Mosque attendance contributes to a Muslim's sense of religious identity. Although each member brings an entire lifetime of cultural experience into the mosque, separate past experiences seem to fuse as individuals join together on the basis of their common beliefs. Commitment to religious beliefs is one of the strongest factors influencing the preservation of Islamic Identity.

In spite of the spiritual and social aspects of the Mosque, the Mosque still remains a place of sanctity. Cleanliness in all respects is paramount; purity of mind, body, thoughts and actions. Muslims are expected to be in a state of purity (body, mind, and soul), when he or she visits the mosque. In particular, Muslims perform ablution (washing of hands, face, arms, and feet) before performing prayer.

Muslims prostrate in their prayer, and thus the mosque must be clean. Mosques in the UK are carpeted and shoes are removed upon entering. Shouting or raising one's voice unnecessarily, and using improper or foul language are abhorred.

Modesty in dress is expected for both men and women. Visitors are welcome at mosques; however, visitors who are not familiar with Muslim religious practices should contact the administration of one of the local mosques for information and to arrange visits.


The excellence of the Masjid

The earth as a Masjid

Allah the Exalted has conferred a special blessing upon this ummah - that is, the whole earth has been declared a mosque for it. Therefore, when the time for prayer comes, a Muslim may pray wherever he may be. Abu Dharr asked the Prophet , "What was the first mosque on the earth?" He said: "The Masjid al-Haram [in Makkah]." Abu Dharr asked: "which is the next oldest mosque?" The Prophet sallallahu alehi wassalam said: "The al-Aqsa Mosque." Abu Dharr asked: "How much time was there between [the building of the two]." The Prophet sallallahu alehi wasallam replied: "Forty years." Then, he said: "Wherever you may be, at the time of salah, you may pray for it [the earth] is all a mosque." This is related by the group.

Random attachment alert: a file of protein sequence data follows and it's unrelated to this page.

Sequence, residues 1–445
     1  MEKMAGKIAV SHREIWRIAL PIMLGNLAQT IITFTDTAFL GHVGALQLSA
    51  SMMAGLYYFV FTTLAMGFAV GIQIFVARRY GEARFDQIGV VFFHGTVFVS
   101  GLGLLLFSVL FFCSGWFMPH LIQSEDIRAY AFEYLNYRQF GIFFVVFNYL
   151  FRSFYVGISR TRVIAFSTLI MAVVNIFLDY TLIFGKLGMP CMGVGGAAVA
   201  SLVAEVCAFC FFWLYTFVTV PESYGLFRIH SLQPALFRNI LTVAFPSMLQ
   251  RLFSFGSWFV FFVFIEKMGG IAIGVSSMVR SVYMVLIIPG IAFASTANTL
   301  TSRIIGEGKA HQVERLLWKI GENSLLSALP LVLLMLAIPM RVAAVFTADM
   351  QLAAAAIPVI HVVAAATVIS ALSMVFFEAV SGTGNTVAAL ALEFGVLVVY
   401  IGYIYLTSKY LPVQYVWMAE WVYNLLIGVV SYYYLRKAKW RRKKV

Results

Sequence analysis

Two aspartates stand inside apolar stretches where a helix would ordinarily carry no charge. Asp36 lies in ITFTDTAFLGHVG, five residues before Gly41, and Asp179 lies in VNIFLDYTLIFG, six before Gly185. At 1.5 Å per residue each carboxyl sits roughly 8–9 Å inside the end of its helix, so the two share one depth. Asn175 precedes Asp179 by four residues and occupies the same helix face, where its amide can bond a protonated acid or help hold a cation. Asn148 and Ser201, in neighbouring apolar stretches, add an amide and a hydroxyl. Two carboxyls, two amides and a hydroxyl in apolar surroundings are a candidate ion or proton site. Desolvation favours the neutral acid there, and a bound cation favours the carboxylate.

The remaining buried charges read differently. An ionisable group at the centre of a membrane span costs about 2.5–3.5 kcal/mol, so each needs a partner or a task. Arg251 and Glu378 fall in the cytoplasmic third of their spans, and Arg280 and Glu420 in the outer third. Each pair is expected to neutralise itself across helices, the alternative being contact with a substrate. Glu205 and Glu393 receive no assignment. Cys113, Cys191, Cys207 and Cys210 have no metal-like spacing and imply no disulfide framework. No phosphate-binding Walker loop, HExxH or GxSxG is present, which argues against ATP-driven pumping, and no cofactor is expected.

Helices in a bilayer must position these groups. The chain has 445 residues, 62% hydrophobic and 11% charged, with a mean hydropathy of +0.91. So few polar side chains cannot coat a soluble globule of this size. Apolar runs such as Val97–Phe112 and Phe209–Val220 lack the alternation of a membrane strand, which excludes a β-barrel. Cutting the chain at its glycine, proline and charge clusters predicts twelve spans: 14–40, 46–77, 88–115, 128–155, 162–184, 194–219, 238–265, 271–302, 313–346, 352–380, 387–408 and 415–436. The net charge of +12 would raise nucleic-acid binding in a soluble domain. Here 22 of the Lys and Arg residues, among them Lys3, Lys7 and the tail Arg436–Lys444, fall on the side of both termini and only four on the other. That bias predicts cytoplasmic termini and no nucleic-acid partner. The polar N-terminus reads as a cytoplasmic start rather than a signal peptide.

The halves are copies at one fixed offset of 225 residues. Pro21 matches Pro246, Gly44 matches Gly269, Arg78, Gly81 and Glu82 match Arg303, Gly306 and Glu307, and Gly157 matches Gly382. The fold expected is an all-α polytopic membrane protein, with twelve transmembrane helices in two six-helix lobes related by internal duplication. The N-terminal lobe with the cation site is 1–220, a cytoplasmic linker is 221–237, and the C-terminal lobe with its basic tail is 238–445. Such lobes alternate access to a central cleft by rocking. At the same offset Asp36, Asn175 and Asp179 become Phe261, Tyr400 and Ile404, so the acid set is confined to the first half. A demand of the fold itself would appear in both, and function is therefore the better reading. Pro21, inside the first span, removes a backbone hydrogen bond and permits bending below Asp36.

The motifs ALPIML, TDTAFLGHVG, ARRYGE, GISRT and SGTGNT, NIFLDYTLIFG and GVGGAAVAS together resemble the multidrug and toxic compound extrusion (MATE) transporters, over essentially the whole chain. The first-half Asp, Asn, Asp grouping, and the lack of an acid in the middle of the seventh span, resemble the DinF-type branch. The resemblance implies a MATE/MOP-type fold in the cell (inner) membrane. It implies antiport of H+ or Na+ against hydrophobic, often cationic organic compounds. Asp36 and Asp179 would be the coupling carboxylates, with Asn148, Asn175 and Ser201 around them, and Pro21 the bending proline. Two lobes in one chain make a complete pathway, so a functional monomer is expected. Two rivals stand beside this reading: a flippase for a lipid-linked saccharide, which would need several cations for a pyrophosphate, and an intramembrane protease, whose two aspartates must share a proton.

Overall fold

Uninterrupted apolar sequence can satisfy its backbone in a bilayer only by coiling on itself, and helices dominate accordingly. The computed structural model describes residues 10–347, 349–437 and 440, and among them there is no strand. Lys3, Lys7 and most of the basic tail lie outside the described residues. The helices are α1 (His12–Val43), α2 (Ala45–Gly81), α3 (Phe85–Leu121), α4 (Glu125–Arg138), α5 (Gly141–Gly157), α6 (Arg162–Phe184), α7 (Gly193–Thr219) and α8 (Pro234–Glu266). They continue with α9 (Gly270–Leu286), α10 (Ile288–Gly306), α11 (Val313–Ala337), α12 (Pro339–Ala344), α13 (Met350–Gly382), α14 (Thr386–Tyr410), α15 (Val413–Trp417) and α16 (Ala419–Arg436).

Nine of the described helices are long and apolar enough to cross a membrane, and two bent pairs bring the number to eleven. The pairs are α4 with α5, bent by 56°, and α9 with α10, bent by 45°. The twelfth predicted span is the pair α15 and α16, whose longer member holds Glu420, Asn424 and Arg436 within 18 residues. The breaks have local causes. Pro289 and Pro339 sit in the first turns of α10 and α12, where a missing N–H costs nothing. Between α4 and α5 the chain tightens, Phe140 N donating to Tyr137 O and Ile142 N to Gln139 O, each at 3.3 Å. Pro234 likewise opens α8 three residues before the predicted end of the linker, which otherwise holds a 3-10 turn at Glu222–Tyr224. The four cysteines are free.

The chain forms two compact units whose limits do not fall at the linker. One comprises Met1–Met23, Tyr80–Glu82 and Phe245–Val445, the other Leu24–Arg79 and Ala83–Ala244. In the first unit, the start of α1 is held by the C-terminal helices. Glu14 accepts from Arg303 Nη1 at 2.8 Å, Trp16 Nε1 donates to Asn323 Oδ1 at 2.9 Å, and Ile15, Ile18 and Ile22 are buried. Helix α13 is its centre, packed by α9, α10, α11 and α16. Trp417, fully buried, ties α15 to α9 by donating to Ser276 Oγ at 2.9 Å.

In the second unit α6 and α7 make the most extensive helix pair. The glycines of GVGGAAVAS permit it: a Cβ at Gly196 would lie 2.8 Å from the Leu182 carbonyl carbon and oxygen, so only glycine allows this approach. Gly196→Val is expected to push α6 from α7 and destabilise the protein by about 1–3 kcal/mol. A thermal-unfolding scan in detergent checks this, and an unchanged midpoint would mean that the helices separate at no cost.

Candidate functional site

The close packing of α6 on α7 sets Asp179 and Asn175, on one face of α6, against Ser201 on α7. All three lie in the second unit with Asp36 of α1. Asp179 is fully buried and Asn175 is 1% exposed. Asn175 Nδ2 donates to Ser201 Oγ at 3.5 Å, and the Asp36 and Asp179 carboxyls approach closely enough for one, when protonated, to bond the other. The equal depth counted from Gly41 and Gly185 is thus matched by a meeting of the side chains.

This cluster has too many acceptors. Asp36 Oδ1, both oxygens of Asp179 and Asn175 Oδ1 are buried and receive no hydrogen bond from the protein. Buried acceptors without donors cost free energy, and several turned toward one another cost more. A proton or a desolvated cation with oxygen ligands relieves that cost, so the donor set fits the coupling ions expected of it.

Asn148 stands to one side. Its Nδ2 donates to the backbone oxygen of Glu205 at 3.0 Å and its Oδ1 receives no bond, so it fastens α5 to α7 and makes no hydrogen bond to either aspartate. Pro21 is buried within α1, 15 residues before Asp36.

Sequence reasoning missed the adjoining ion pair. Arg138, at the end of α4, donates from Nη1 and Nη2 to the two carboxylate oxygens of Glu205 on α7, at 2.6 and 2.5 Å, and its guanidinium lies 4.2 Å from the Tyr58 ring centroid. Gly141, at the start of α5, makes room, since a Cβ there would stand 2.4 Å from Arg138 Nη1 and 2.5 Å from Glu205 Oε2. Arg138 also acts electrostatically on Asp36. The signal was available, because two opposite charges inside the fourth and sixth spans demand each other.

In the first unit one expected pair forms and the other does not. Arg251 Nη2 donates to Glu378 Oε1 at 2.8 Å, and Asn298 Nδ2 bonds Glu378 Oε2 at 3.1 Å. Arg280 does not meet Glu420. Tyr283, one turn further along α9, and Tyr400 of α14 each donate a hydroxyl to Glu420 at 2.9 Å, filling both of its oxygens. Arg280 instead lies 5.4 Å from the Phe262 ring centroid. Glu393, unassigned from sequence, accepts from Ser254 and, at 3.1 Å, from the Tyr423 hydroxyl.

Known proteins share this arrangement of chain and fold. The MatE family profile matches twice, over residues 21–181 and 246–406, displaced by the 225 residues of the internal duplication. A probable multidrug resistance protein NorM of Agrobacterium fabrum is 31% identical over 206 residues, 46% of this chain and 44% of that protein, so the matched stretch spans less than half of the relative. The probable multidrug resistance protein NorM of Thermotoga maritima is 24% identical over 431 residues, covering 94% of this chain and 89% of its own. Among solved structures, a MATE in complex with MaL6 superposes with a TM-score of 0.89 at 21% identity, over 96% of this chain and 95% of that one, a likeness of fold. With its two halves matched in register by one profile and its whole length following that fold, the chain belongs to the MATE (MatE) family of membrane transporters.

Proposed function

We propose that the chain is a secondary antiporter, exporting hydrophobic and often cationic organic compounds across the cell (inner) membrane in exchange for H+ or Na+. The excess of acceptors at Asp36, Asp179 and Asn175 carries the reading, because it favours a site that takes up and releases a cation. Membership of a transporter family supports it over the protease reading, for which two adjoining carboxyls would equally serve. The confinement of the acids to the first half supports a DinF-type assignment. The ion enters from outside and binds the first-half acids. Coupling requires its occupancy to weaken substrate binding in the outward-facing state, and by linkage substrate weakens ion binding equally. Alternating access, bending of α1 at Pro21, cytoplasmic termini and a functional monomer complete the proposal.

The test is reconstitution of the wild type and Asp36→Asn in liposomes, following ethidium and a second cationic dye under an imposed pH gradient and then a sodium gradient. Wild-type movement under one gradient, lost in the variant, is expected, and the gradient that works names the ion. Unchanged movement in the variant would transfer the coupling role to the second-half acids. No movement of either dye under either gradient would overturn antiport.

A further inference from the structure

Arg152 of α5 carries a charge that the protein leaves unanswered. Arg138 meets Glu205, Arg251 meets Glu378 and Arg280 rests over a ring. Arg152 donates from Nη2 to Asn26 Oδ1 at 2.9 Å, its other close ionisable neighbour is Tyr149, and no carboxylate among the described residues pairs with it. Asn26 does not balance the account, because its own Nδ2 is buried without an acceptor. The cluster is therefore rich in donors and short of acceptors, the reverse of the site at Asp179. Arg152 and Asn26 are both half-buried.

Male & Female Arabic Teachers Required for immediate start...

Applicants must be Muslim, have a Hanafi Sunni Brailvi background school of thought, be an alim/scholar of the Quran... read full details below

Male Arabic Teacher Job Description

Female Arabic Teacher Job Description



Platform in a mosque, placed next to the mihrab. The minbar is used with the khutba, the Friday sermon, and the khatib (the person performing the Friday sermon) ascends it.


At the midpoint of the wall facing Qibla is a niche or recess that constitutes the central and sometimes most decorated feature of any mosque, known as the mihrab. The mihrab is not considered to be a sacred element of the mosque. Rather, it prescribes the the sacred direction for prayer to Makkah. When in prayer, Muslims will form row upon row, each parallel to, and facing the qibla wall.


Room where Students study.


Within the prayer hall, one wall must face the Masjid al-Haram in Makkah, the direction in which Muslims should face in order to perform salat (called Qibla). This wall is the direction of the Qibla.


Area where Muslims perform their wudu (ablution) before commencing salat (prayer). Salat is not accepted without wudu.


Tall tower, near to, or built into, a mosque, where the Muadhin (person who calls people to prayer) goes up to stand in a high place for everyone to be able to hear when the adhan (call to prayer) is being called. The earliest mosques were built without minarets, and the action of adhan could be performed in many other locations.


Clean (commonly carpeted) area within a mosque where Muslims pray in congregation.


The Imam of a Mosque traditionally lives in a purposely built home adjacent or close to the mosque. Thus, known as the Imam's Quarters.